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SOUTH AFRICAN CAPITAL IN THE LAND OF UJAMAA: CONTESTED TERRAIN IN TANZANIA
by Richard A. Schroeder

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Introduction: Reforms, Returns, Remembering

In the decade and a half since the dismantling of apartheid, the economic geography of sub-Saharan Africa has been radically reconfigured, with South Africa assuming the role of one of the continent’s leading investors. In few places has the growth of South Africa’s regional influence been more evident than Tanzania. Well-endowed with exploitable natural resources, and having recently implemented a sweeping set of economic reforms designed to reduce the role of the state in production and to facilitate foreign investment, Tanzania has experienced a rapid increase in capital inflows from South Africa, as well as higher levels of trade with Pretoria. More than 150 South African firms have entered the country since 1994, with virtually every major South African firm active in the region now operating in Tanzania. (Bandawe 2006; HSRC 2004; Gibbon 1999.)

While the influx of capital has been hailed by the Tanzanian government as a boon to economic growth, others have expressed deep concerns about South Africa’s economic expansionism. Issa Shivji, an internationally prominent Tanzanian scholar, legal expert, rights activist and social critic, has likened the South African capital invasion to a "second wave of primitive accumulation" (Shivji 2006: 169-177). Increasingly, the South African corporate presence has emerged as an important wedge issue in a protracted and painful national debate centred on Tanzania’s economic reform process.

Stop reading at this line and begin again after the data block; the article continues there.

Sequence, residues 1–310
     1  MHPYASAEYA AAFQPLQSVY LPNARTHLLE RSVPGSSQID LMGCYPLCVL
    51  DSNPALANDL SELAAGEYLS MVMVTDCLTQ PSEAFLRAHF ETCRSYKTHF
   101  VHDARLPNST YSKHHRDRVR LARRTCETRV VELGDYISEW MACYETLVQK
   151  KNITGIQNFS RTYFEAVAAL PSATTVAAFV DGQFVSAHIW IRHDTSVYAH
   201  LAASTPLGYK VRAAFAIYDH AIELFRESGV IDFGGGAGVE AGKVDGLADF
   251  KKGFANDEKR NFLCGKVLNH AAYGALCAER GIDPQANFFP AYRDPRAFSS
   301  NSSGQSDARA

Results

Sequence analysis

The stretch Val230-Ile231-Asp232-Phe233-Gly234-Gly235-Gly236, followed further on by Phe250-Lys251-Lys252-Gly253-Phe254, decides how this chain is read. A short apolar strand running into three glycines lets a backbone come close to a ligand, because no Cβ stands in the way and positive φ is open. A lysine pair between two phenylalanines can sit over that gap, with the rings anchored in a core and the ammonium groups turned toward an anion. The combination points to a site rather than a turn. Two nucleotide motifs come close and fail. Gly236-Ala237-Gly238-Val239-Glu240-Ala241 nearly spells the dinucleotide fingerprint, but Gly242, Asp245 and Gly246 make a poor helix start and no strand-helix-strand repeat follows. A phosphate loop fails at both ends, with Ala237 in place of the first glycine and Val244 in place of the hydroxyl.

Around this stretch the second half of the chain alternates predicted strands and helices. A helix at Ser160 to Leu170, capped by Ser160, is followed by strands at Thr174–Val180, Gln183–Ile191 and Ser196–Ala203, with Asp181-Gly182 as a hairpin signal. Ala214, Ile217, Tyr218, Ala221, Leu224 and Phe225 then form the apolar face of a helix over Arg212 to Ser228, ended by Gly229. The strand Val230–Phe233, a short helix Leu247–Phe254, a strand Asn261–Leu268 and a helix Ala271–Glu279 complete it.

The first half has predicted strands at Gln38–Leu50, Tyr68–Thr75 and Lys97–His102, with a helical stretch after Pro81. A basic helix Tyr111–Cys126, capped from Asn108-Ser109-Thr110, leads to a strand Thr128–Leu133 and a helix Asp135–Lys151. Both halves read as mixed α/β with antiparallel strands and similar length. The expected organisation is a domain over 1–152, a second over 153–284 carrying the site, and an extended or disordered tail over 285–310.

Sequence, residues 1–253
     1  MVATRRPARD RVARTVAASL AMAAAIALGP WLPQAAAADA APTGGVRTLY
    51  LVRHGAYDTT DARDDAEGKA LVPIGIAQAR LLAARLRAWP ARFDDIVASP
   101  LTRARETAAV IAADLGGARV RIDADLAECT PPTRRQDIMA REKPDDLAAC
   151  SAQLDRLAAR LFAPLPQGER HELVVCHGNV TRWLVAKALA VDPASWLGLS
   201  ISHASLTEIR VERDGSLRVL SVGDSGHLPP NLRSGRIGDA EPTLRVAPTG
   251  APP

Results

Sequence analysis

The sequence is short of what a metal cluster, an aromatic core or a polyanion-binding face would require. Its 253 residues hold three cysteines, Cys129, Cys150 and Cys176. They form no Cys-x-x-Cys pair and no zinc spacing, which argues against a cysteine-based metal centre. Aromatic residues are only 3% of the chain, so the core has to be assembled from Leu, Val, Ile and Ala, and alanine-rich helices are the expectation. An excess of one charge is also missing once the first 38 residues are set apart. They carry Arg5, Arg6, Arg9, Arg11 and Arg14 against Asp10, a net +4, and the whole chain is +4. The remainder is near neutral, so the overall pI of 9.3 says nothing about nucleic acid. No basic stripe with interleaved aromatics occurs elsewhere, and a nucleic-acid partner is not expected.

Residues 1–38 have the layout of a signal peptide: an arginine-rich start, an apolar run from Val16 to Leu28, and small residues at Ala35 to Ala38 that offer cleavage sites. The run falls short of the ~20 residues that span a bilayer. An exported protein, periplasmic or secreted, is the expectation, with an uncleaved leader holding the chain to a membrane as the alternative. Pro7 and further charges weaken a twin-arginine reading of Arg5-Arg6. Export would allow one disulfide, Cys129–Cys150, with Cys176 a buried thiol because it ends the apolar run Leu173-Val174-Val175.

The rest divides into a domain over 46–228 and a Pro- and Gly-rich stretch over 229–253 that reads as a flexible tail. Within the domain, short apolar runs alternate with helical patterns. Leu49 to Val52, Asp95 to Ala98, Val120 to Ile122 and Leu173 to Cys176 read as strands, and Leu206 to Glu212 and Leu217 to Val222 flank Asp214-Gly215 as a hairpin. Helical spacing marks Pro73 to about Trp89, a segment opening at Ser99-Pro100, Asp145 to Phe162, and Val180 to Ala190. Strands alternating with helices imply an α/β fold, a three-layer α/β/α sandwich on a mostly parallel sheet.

"The South African corporate presence has emerged as an important wedge issue in a protracted and painful national debate centred on Tanzania’s economic reform process."

Many Tanzanians, whose political consciousness was shaped under the socialist government of the country’s first president, Julius Nyerere, have objected to the rapid privatization of nearly 400 parastatal concerns, including some of the country’s most prized economic assets. Others have bemoaned the dumping of cheap goods on national markets, and the extraction of valuable natural resources on concessionary terms by foreign nationals. In each of these areas, the insult added to injury has been the leading role of South African companies – many of them white-owned and managed, and banned from Tanzania during the long struggle against apartheid in which Tanzania played a leading and costly role. In the eyes of many Tanzanians, the fact that South African companies have now become so centrally involved in their economy effectively de-legitimizes the Tanzanian reform process itself.